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King Charles II

the first British monarch to rule primarily as a ceremonial head of state

Charles II

Early Life

Charles was born at St. James Palace, London, on May 29, 1630, the second son of Charles I and Henrietta Marie of France. In 1638 the Duke of Newcastle was appointed as his governor, but his education was interrupted by the Civil War. In 1645 Charles I sent him into the west of England. In March 1646 the royalist defeats drove him to the Scilly Isles and later to Jersey, and in July he joined his mother in Paris. In 1648 he cruised with some English ships off the mouth of the Thames for a short time, after which he went to Holland. In January 1649 he sent a blank sheet of paper, bearing his signature, to Parliament, for the insertion of any terms which would save his father's life; the attempt failed.

King of Scotland

After Charles I's execution on January 30, 1649, Charles II was proclaimed King in Scotland and parts of Ireland and in the Channel Islands. He landed in Scotland on June 23, 1650, after pledging himself to Presbyterianism in both Scotland and England, and was crowned as King of Scotland on January 1, 1651. On September 3, 1651, Charles led a Scottish force of 10,000 into a dismal defeat at the hands of Oliver Cromwell's forces at Worcester. Charles was able to escape from Cromwell's clutches, but spent six week on the run before engineering passage to France. He subsequently roamed Europe for eight years before being invited back to England.

King of Great Britain and Ireland

By the end of 1659 a return to the old constitution was the only escape from the alternatives of military government or anarchy. A "free" parliament was summoned to meet in April 1660, while George Monck, Duke of Albemarle, opened negotiations with Charles. On April 4, Charles issued the Declaration of Breda, which promised a general amnesty and liberty of conscience, leaving the final settlement in each case to Parliament; it also promised that all questions about the transfers of lands during the years of revolution should be determined in Parliament. The Convention Parliament accepted the declaration, and Charles was proclaimed King of England on May 8.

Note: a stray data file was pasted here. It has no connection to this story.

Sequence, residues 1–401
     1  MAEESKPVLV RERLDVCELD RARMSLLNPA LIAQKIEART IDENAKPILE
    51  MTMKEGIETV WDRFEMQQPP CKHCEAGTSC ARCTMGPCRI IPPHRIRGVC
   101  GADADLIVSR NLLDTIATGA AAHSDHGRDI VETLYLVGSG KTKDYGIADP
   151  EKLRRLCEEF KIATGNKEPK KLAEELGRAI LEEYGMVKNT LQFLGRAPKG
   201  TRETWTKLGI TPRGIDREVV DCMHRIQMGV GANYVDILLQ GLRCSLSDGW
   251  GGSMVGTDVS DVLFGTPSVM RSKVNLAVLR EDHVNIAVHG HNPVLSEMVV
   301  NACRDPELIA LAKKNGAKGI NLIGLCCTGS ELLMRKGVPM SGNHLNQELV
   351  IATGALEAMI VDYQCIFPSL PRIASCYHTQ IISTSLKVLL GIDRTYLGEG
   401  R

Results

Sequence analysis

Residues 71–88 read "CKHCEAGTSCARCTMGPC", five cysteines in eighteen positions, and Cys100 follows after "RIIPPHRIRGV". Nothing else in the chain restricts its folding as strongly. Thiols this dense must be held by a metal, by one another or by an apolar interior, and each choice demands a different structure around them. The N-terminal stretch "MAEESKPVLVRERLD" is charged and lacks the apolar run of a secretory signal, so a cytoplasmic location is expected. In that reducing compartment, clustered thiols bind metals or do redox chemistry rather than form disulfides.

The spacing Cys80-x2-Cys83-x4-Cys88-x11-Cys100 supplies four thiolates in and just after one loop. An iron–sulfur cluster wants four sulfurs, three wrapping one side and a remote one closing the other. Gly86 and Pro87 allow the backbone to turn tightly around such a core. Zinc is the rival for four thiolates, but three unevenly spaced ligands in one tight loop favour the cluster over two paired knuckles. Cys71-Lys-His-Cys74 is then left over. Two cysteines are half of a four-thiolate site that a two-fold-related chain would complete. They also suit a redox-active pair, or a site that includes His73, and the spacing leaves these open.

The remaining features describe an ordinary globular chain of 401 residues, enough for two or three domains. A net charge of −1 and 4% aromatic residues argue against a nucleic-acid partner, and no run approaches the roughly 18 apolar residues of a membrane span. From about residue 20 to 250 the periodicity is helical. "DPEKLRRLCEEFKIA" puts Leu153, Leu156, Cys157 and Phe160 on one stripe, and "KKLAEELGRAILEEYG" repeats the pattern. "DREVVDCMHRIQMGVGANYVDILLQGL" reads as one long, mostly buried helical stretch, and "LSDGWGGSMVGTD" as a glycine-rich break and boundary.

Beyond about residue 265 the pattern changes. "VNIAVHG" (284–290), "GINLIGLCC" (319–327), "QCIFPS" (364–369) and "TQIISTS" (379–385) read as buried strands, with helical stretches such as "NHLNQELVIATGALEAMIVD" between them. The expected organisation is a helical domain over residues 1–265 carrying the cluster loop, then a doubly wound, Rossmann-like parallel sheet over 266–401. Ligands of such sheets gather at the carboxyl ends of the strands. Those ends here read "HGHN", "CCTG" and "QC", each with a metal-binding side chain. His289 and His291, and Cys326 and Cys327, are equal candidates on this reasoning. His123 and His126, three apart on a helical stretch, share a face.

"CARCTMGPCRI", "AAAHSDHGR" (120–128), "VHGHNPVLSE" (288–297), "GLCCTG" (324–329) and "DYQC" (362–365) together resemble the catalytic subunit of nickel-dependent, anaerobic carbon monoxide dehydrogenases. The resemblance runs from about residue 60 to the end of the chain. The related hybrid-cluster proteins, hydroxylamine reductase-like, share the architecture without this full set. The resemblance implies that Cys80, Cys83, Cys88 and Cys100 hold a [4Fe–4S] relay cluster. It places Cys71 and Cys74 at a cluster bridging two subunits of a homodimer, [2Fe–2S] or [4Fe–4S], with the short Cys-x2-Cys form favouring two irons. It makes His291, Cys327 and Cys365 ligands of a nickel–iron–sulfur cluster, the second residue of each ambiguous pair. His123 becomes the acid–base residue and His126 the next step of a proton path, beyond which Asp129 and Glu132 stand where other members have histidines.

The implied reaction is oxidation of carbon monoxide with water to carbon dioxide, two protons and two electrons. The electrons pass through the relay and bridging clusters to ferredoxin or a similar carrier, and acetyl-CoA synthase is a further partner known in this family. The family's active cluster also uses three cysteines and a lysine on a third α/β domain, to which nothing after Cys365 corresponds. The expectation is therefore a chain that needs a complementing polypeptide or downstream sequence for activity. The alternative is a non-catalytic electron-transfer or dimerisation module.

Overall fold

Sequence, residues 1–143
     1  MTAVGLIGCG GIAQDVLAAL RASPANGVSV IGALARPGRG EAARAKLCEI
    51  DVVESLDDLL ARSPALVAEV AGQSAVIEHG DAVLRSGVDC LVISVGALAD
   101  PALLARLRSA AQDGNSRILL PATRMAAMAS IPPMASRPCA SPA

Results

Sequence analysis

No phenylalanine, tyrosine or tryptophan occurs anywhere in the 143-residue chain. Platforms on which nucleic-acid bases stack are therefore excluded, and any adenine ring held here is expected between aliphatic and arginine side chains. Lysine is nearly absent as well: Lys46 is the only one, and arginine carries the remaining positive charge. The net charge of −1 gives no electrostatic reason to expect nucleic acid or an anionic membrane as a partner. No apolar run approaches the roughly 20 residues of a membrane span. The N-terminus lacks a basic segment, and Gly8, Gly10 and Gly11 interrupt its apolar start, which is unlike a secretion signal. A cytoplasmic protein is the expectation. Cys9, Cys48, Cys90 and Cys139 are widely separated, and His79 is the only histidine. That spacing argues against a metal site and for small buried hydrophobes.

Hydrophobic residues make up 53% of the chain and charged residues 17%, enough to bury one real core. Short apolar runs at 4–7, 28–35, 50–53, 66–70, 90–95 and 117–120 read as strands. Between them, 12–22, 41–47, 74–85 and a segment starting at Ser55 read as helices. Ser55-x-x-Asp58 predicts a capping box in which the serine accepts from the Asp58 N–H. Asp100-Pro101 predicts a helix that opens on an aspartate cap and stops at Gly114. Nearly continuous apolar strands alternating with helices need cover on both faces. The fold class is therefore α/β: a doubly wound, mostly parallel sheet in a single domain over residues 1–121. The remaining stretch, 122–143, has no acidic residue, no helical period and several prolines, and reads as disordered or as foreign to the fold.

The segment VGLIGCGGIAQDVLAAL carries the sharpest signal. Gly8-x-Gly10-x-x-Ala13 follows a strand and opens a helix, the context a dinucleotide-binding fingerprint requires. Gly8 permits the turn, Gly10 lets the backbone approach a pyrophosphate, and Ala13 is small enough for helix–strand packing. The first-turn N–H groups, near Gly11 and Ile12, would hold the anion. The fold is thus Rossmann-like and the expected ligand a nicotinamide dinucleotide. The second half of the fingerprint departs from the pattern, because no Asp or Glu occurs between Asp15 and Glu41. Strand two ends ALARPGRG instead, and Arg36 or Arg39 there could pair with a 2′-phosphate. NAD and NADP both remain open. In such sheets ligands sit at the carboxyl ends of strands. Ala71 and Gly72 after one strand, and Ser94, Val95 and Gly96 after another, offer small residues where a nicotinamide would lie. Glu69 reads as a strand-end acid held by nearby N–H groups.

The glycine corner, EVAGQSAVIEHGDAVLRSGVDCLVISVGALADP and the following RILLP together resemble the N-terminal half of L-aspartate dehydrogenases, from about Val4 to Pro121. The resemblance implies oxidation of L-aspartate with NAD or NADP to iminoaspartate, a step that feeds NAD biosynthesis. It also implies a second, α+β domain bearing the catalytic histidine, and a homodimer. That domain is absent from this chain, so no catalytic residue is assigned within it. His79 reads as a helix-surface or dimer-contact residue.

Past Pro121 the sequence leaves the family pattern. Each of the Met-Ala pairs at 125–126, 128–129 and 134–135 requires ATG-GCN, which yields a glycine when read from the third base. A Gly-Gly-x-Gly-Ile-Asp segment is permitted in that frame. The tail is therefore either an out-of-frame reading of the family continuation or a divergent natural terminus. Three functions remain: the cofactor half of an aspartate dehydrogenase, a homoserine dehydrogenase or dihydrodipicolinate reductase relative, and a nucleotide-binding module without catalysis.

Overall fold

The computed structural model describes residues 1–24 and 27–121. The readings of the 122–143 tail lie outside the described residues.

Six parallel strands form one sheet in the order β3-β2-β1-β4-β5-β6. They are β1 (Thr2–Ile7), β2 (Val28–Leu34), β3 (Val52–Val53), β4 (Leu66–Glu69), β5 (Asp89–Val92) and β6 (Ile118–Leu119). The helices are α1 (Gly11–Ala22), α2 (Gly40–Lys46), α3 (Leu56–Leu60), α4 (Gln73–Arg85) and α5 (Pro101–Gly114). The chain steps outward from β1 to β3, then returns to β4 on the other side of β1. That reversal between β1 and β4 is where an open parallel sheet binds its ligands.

King Charles II was formally crowned on April 23, 1661. When a new Westminster Parliament was elected, no representatives from Scotland were requested, so the Cromwellian Union of England and Scotland was dissolved.

England was overjoyed at having a monarch again, even though the monarch's powers had been severely limited by Parliament. Charles II's reign began the era that still exists in Britain, whereby the monarch holds primarily ceremonial powers while Parliament holds actual control of governmental affairs. It also marked the beginning of political parties in England. The Cavaliers, royalists who had been intent on preserving the king's authority over Parliament, evolved into today's Tory Party; the Roundheads, men of property dedicated to expanding trade abroad and maintaining Parliament's supremacy, evolved into the Whig Party.

Major Events of His Reign

On May 19, 1662, the Act of Uniformity was passed, enjoining the use of the Book of Common Prayer.

Charles' marriage to the Portuguese Catherine of Braganza in 1662 brought Bombay and Tangier to England as parts of Catherine's dowry.

English commercial expansion and minor political differences led to war with the Dutch, which was formally declared in February 1665. The war itself was indecisive, but England was weakened by the Great Plague of 1665 and the Fire of London in 1666. Financial exhaustion led to negotiations, and in 1667 the Dutch, by burning the English ships in the Medway, enforced the conclusion of the Peace of Breda. Both sides kept their conquests, England obtaining the American colonies of New Amsterdam (New York) and New Jersey. Another war against the Dutch was fought from 1672 to 1674. Like the previous war, neither side made any significant gains in the subsequent peace.

The late-1670's saw a resurgence of anti-Catholicism in England, with the Whigs employing that sentiment in an attempt to unseat the heir apparent, Charles' Catholic brother James, from succeeding to the throne. The Whigs even tried to push an Exclusion Bill barring Catholics from holding public office through Parliament, but were thwarted.

King Charles II died on February 6, 1685 from complications following a stroke. He was succeeded by his brother, who assumed the throne as King James II.

Wife and Children

Charles married Catherine of Braganza in 1662, but sired no legitimate children with her. He did, however, have several illegitimate children, including: James Scott, Duke of Monmouth and Buccleuch, by Lucy Walter; Charles, Duke of Southampton, Henry, Duke of Grafton, and George Fitzroy, Duke of Northumberland, all by Lady Castlemaine; Charles Lennox, Duke of Richmond, by the Duchess of Portsmouth; Charles Beauclerk, Duke of St. Albans, by Nell Gwyn; and Charles FitzCharles, Earl of Plymouth, by Catherine Peg.

SOURCE
Encyclopędia Britannica Chicago: Encyclopędia Britannica, Inc., 1957

SEE ALSO
Charles I
Bombay
New Amsterdam

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The Robinson Library >> General and Old World History >> Great Britain >> England >> Later Stuarts, 1660-1714

This page was last updated on February 25, 2017.